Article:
California’s Intense Record-Breaking Heat Wave Monitored From NASA’s ECOSTRESS

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ECOSTRESS Temperature Map Los Angeles August 2020

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This ECOSTRESS temperature level map reveals the land surface area temperature levels throughout Los Angeles County on August 14, 2020, throughout a heat wave. Credit: NASA/JPL-Caltech

From cities to deserts, the extreme heat grasping California is being carefully kept track of by an Earth-observing objective aboard the International Space Station. 

As record temperature levels and big wildfires swelter California, NASA’s Ecosystem Spaceborne Thermal Radiometer Experiment on Space Station (ECOSTRESS) has actually been tracking the heat wave from low Earth orbit. While ECOSTRESS’s main objective is to determine the temperature level of plants warming up as they lack water, it can likewise determine and track heat-related phenomena like heat waves, wildfires, and volcanoes.

At 3: 56 p.m. PDT (6: 56 p.m. EDT) on August 14, as the spaceport station passed over Los Angeles, ECOSTRESS had the ability to take a picture of the skyrocketing land surface area temperature levels throughout the county, house to more than 10 million individuals. (Land surface area temperature level is the temperature level of the ground instead of the air above it.) In the very first image, ECOSTRESS determined a temperature level variety of about 70-125 degrees Fahrenheit (21-52 degrees Celsius), with the coolest being at the coasts and mountains. The greatest surface area temperature levels, in dark red, were discovered northwest of downtown Los Angeles in the San Fernando Valley. (The instrument likewise recorded the Ranch fire, seen in the center of the image, as it burned.) Land surface area temperature levels there reached over 125 degrees Fahrenheit (52 degrees Celsius), with a peak of 128.3 degrees Fahrenheit (53.5 degrees Celsius) in between the cities of Van Nuys and Encino.

ECOSTRESS Temperature Map Death Valley August 2020

This ECOSTRESS temperature level map reveals the land surface area temperature levels around Death Valley in California’s Mojave Desert on Aug. 16, 2020. throughout a heat wave. Credit: NASA/JPL-Caltech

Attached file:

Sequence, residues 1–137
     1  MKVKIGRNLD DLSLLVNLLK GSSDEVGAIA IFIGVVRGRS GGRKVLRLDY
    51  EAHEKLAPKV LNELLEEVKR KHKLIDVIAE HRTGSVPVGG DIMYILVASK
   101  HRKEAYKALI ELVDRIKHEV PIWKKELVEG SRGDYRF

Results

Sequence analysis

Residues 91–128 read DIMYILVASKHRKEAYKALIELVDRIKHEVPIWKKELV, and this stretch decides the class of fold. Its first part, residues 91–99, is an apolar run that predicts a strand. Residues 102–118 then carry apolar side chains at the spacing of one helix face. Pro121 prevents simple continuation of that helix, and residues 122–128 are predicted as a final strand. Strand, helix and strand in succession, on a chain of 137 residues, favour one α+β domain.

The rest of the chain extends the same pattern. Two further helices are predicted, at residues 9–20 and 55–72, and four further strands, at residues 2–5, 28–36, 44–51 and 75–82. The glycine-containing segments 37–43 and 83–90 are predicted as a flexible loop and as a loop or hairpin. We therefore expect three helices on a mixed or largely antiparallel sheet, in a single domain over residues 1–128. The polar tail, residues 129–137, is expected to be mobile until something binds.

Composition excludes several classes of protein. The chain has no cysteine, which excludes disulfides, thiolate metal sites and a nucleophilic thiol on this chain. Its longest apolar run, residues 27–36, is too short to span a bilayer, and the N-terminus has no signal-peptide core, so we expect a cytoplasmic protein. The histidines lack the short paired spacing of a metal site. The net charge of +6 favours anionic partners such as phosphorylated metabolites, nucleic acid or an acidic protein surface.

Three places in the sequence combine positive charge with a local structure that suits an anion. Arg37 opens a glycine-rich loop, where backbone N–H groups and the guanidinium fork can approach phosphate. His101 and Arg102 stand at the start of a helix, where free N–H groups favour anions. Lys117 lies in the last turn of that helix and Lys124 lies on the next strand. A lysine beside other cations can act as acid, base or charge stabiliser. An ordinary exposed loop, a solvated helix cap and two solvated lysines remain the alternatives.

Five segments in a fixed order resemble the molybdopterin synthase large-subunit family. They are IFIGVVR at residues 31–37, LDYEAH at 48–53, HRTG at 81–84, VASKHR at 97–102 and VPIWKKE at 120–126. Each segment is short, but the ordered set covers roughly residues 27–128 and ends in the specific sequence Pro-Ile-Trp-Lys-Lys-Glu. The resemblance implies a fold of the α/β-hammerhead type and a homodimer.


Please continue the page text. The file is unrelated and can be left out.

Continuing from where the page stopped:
Those afternoon peaks were within variety of early morning surface area temperature levels ECOSTRESS determined 2 days later on in Death Valley, part of California’s Mojave Desert. As displayed in the 2nd image, from August 16 at 8: 50 a.m. PDT (11: 50 a.m. EDT), ECOSTRESS taped an optimum temperature level of 122.52 degrees Fahrenheit (50.29 degrees Celsius) near Furnace Creek in Death Valley National Park.

ECOSTRESS observations have a spatial resolution of about 77 by 77 backyards (70 by 70 meters), which makes it possible for scientists to study surface-temperature conditions to the size of a football field. Due to the spaceport station’s special orbit, the objective can obtain pictures of the exact same areas at various times of day, rather than crossing over each location at the exact same time of day like satellites in other orbits do. This is beneficial when keeping an eye on plant tension in the exact same location throughout the day, for instance.

ECOSTRESS Japanese Experiment Module ISS

The ECOSTRESS radiometer has actually been released on International Space Station (ISS) on the Japanese Experiment Module – External Facility (JEM-EF) website 10. At this place, the radiometer scan is perpendicular to the ISS speed. Credit: NASA

The ECOSTRESS objective introduced to the spaceport station on June 29, 2018. NASA’s Jet Propulsion Laboratory, a department of Caltech in Pasadena, California, developed and handles the objective for the Earth Science Division in the Science Mission Directorate at NASA Headquarters in Washington. ECOSTRESS is an Earth Venture Instrument objective; the program is handled by NASA’s Earth System Science Pathfinder program at NASA’s Langley Research Center in Hampton, Virginia.



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